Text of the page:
cover of book

The Ritual Landscape of Late Precontact Eastern Oklahoma: Archaeology from the WPA Era until Today
by Amanda L. Regnier, Scott W. Hammerstedt and Sheila Bobalik Savage
University of Alabama Press, 2019
Cloth: 978-0-8173-2025-6 | eISBN: 978-0-8173-9239-0
Library of Congress Classification E78.O45R44 2019
Dewey Decimal Classification 976.601

Revisits and updates WPA-funded archaeological research on key Oklahoma mound sites

As part of Great Depression relief projects started in the 1930s, the Works Progress Administration (WPA) sponsored massive archaeological projects across Oklahoma. The WPA crews excavated eight mound sites and dozens of nonmound residential sites in the Arkansas River Valley that date between AD 1000 and 1450. These sites are considered the westernmost representations of Mississippian culture in the Southeast.
The results of these excavations were documented in field journals and photographs prepared by the field supervisors and submitted in a series of quarterly reports to WPA headquarters. These reports contain a wealth of unpublished information summarizing excavations at the mound sites and residential sites, including mound profiles, burial descriptions, house maps, artifact tables, and artifact sketches. Of the excavated mound sites, results from only one, Spiro, have been extensively studied and synthesized in academic literature. The seven additional WPA-excavated mound sites—Norman, Hughes, Brackett, Eufaula, Skidgel, Reed, and Lillie Creek—are known to archaeologists outside of Oklahoma only as unlabeled points on maps of mound sites in the Southeast.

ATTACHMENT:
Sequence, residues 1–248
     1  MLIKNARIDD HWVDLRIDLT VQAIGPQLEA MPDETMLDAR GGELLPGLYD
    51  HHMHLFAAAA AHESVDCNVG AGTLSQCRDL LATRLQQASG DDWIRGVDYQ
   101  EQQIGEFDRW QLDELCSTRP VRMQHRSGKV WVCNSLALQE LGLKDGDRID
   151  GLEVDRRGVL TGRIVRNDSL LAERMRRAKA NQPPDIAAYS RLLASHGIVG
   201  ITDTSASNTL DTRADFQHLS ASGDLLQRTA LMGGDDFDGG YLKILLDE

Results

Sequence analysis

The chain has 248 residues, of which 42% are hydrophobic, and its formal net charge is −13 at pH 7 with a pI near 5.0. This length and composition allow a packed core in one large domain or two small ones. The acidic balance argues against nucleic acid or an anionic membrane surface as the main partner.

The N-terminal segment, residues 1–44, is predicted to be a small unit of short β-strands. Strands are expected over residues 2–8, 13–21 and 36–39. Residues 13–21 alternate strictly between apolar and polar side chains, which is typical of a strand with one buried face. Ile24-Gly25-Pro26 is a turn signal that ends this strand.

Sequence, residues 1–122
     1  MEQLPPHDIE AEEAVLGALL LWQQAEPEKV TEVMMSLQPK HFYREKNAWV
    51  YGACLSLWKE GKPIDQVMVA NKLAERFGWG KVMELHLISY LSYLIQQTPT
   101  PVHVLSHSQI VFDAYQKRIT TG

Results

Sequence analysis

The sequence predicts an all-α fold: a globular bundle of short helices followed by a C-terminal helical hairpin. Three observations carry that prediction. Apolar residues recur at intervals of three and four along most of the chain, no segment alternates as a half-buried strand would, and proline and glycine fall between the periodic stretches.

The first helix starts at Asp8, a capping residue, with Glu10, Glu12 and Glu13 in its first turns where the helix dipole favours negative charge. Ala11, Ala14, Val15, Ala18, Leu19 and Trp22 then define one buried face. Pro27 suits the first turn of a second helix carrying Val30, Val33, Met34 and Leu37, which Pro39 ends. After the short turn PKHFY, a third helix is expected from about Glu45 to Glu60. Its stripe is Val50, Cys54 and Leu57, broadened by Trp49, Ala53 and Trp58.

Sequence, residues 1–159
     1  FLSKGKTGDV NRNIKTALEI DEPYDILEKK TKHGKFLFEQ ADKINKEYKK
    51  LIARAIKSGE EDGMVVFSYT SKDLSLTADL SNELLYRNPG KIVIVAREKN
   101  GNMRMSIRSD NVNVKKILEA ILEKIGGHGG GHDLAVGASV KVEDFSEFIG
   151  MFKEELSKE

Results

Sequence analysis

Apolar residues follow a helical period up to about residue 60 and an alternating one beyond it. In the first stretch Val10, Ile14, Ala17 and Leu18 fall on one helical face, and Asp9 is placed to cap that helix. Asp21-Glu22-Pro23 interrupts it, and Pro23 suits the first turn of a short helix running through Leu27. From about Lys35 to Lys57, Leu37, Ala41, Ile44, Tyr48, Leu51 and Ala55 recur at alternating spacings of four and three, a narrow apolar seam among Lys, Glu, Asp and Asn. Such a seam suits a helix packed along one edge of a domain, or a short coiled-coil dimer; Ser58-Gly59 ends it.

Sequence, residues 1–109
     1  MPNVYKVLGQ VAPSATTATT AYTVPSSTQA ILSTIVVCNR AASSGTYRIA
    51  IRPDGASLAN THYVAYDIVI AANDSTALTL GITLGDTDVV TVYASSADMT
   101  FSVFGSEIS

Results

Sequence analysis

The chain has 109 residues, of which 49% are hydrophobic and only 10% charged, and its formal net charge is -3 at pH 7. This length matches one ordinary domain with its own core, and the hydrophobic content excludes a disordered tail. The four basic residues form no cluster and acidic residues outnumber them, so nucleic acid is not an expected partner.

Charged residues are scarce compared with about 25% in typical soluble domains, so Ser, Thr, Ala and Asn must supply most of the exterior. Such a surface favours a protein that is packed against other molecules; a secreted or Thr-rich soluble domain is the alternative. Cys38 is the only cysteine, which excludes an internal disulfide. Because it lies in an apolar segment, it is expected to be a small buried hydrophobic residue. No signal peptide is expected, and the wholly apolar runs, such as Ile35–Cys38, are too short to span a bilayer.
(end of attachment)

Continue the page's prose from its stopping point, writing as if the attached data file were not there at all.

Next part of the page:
The Ritual Landscape of Late Precontact Eastern Oklahoma curates and contextualizes the results of the WPA excavations, showing how they inform archaeological understanding of Mississippian occupation in the Arkansas Valley. Regnier, Hammerstedt, and Savage also relate the history and experiences of practicing archaeology in the 1930s, incorporating colorful excerpts from field journals of the young, inexperienced archaeologists. Finally, the authors update current knowledge of mound and nonmound sites in the region, providing an excellent example of historical archaeology.
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